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Sunlore/Heart Land – Sunlore/Heart Land

Tequila Sunrise / Cream of Turner

These two LPs came to me with the coolest hand-made sleeves I’ve seen in ages. Beautiful, odd designs. The Sunlore sleeve is a psyched wig-out of paint and scratches and burns, looking not unlike one of the shotgun paintings of William S Burroughs smeared by Max Ernst (you can see it being made on the label website). The Heart Land sleeve is perhaps a riff on Throbbing Gristle’s original sleeve for Second Annual Report, consisting of a wrist-thick gatefold slab of industrial card and a label that should be attached to one of those TPS reports that Lumbergh was always trying to get Peter to attach in Office Space. There’s also a perfect pink little mini sleeve on both albums with all the track details; homely, odd and heartfelt.

And if the sleeves are idiosyncratic, so is the music. Sunlore’s explorations sound like explorations, as if they will be songs sometime in the near future but haven’t quite evolved yet. I haven’t decided yet whether this approach really works in the way they intended it to but there’s certainly enough interesting stuff here to make you dig deeper, to listen harder. At times they sound a little like some of the early albums by Volcano The Bear before they went, ahem, pop with Classic Erasmus Fusion (Ok, they never went pop) and they use a similarly odd blend of instruments and non-instruments: toys, pianos, organ drones, broken keyboards, bruised guitars. These fragments sound like they’ll eventually get to some pretty intense places but right now they’re just winding up in style.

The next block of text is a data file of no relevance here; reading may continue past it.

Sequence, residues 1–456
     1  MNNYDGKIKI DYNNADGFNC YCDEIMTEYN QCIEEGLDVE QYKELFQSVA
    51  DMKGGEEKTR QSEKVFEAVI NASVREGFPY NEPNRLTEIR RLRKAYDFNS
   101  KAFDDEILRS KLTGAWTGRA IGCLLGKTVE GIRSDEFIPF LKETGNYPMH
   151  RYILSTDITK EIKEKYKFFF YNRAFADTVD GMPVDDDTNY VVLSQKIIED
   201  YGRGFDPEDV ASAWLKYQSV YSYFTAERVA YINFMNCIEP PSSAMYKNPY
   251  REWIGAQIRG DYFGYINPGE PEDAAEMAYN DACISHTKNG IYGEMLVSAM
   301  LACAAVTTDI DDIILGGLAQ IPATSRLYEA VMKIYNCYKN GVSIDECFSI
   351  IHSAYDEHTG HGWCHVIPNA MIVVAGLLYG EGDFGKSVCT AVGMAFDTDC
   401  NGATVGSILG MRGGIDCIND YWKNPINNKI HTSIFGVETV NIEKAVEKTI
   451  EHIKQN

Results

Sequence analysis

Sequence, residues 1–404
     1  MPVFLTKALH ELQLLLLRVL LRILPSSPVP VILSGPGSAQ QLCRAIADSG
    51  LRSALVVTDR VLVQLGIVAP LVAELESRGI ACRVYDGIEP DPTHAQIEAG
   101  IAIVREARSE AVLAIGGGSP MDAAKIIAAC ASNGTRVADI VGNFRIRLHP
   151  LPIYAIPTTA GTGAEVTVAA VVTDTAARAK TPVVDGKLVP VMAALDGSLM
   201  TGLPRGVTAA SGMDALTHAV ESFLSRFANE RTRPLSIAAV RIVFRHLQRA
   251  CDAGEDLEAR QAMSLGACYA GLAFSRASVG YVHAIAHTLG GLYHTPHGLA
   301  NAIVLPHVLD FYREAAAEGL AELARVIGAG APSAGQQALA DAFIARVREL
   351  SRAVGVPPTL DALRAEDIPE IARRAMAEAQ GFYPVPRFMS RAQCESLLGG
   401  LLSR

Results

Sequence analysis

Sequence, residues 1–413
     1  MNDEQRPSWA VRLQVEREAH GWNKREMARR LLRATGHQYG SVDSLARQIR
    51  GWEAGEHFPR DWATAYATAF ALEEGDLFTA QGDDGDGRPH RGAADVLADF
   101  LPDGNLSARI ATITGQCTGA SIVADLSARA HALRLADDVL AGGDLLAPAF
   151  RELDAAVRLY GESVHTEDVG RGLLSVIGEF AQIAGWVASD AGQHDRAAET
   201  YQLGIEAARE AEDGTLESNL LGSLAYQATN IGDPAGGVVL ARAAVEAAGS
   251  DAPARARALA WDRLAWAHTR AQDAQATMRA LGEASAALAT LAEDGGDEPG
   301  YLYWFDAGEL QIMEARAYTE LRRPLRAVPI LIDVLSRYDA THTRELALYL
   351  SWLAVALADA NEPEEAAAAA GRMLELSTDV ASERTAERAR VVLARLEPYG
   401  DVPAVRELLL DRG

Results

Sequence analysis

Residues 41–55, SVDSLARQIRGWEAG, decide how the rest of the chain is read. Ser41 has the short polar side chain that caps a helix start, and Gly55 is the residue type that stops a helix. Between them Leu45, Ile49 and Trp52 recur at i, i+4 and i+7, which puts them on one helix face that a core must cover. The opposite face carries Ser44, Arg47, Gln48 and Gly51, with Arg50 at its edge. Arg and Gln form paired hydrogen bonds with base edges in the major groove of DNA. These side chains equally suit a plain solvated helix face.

Heart Land play a similar field (I think it’s the same people) though theirs is a muddier approach, a denser vision, almost a shadow of the twinkling Sunlore album. Jung would listen to these two albums and smile. Heart Land play with drones and cycles, but abandon formal structure for abstraction and flux. Genres flip in and out of the mix; slight hints of jazz (This Heat style jazz) and psychedelia and folk and Dada. Not quite beguiling yet but you’ll want to hear more.

Both albums are remarkably economical; a lot of artists would have half the tracks and simply extend the motif, hoping to bludgeon their way through repetition and familiarity. Neither of these collectives seem to want to fall into that trap; the tracks end if anything a little too quickly, giving the impression of a low boredom threshold, or a lack of tape. These albums are sighs; expect bellows in the future.


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